Ben Hammersley: Whereever I lay my URL. Ben, a writer for O’Reilly, woke up one morning and realized that geography didn’t matter in his job. So he and his wife moved to Florence and cut their cost of living in half. Bastard. 🙂

That’s me, someday, maybe. Then again, moving off the east coast is traumatic enough. Lisa has one of those “geography independent” jobs, but it’s not always that simple. If you’re not a totally independent producer, like a writer or independent software developer, you have to have a really high level of trust with your coworkers to make it happen. I don’t take what Lisa is doing for granted for a second, though I don’t tell her that often enough.

[Thanks for the link, Doc.]

Almost forgot…

I had a brief but rewarding lunch with my friend and former roommate Greg yesterday. He’s on his way up to Maine (for the first time) to do some legal consulting work for a group up there. It’s funny—it’s been at least two years, maybe more, since I last saw Greg, but we hadn’t changed a bit. Politics, music, edging around talking about life.

I’ve often said Greg needs to get a blog. It looks like he’s come close over the years, with stints at ePinions and various other media, but he’s never bitten the bullet. Now would be the time, Greg.

Batching it

Lisa is on her way to sign the papers for the house closing. I stay in Boston this week and wait for the packers and movers to come, and run any miscellaneous errands we’ve forgotten about. Yes, I’m batching it. (I follow Martin Amis’s spelling, from The Information, here, because baching it looks too much like I’ll be playing fugues. But then again, you never know.)

Score one for due process

New York Times: Case Against Seven Tied to Group Labeled Terrorist Is Dismissed. The judge ruled that the Justice Department’s case against seven people accused of sending charitable donations to an Iranian military group that the State Department labels “terrorist” is “unconstitutional on its face.” This is a major repudiation of a 1996 antiterrorism law that criminalizes providing “material support” to “any foreign organization that the State Department deems a threat to national security.” Judge Robert M. Takasugi cites erosion of due process as the reason for the ruling:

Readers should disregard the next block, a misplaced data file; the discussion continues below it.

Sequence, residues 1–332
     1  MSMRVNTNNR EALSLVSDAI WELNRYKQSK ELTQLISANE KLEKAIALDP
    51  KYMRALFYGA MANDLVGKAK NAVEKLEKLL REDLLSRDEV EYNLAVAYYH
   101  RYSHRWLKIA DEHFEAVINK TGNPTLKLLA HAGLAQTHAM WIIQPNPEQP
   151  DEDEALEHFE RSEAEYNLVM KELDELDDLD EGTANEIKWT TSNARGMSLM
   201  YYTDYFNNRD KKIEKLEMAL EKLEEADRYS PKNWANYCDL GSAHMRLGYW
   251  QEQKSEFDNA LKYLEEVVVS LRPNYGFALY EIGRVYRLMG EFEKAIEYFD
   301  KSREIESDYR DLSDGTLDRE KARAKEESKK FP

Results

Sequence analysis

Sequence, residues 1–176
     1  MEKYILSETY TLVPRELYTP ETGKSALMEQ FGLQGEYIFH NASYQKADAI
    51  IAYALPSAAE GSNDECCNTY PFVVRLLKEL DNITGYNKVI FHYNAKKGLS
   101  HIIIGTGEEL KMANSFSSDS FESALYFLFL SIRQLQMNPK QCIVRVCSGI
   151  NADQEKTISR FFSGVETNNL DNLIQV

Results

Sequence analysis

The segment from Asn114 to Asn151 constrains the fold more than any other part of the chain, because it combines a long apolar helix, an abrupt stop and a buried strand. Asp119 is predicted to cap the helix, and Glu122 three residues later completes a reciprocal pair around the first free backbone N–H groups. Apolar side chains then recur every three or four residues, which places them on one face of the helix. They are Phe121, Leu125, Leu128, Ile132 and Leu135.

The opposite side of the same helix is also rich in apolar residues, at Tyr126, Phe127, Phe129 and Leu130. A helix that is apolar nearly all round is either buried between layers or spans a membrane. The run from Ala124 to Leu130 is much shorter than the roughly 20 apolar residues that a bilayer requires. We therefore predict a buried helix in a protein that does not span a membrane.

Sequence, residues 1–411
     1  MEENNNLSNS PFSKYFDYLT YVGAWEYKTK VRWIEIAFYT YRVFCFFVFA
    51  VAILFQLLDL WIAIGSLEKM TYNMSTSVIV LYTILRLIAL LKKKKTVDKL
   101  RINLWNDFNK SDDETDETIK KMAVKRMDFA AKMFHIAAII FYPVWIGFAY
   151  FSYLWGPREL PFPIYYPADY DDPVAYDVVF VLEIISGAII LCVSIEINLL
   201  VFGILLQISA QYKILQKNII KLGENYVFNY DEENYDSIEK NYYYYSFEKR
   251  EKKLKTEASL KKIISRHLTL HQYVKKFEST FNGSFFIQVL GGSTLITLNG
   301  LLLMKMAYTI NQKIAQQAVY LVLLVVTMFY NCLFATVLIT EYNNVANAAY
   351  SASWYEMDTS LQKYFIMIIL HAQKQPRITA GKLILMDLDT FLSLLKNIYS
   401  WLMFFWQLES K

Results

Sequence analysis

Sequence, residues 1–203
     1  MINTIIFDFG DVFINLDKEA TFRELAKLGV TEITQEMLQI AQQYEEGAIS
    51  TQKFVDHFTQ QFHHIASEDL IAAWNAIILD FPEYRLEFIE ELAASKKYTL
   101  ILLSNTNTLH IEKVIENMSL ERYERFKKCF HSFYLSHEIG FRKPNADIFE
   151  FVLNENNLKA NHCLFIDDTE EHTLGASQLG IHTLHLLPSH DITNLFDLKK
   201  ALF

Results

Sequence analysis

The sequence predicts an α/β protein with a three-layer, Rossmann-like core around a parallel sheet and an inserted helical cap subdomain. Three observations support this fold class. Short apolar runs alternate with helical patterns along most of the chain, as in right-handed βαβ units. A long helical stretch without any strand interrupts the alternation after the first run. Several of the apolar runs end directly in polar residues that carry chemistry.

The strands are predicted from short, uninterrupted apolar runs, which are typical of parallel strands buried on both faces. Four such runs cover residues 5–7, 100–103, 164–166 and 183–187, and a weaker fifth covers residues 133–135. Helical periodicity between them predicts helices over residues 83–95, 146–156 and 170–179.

…the law gives these groups “no notice and no opportunity” to contest their designation as a terrorist organization, a violation of due process, Judge Takasugi ruled.

“I will not abdicate my responsibilities as a district judge and turn a blind eye to the constitutional infirmities” of the law, Judge Takasugi wrote.

Because the government made its list of terrorist organizations in secret, without giving foreign groups a chance to defend themselves, the defendants “are deprived of their liberty based on an unconstitutional designation that they could never challenge,” he said.


Star-making machinery

Doc Searls really nails what’s wrong with the entertainment industry, aka “the star-making machinery,” and why it’s pulling every string it can to ensure that the web doesn’t walk on its turf, even if it means killing the web:

The entertainment industry is fundamentally about making stars. It isn’t just about entertaining people, except as an effect of the star system, which serves to entertain mass quantities of people. It’s about packaging celebrity as a product, causing appetites for it, and delivering mass quantities of stuff made appealing by it, for as long as any variety of it might last. And doing it over and over and over again.

Nothing wrong with that, by the way. Just something wrong with nothing but that.

Which is why the CARP/LOC ruling is so awful and wrong. It’s about maintaining the incumbent star-making machinery that starts with the recording industry and works its way through commercial broadcasting, mass market advertising, arena performance events and cross-promotion through the whole mess of it.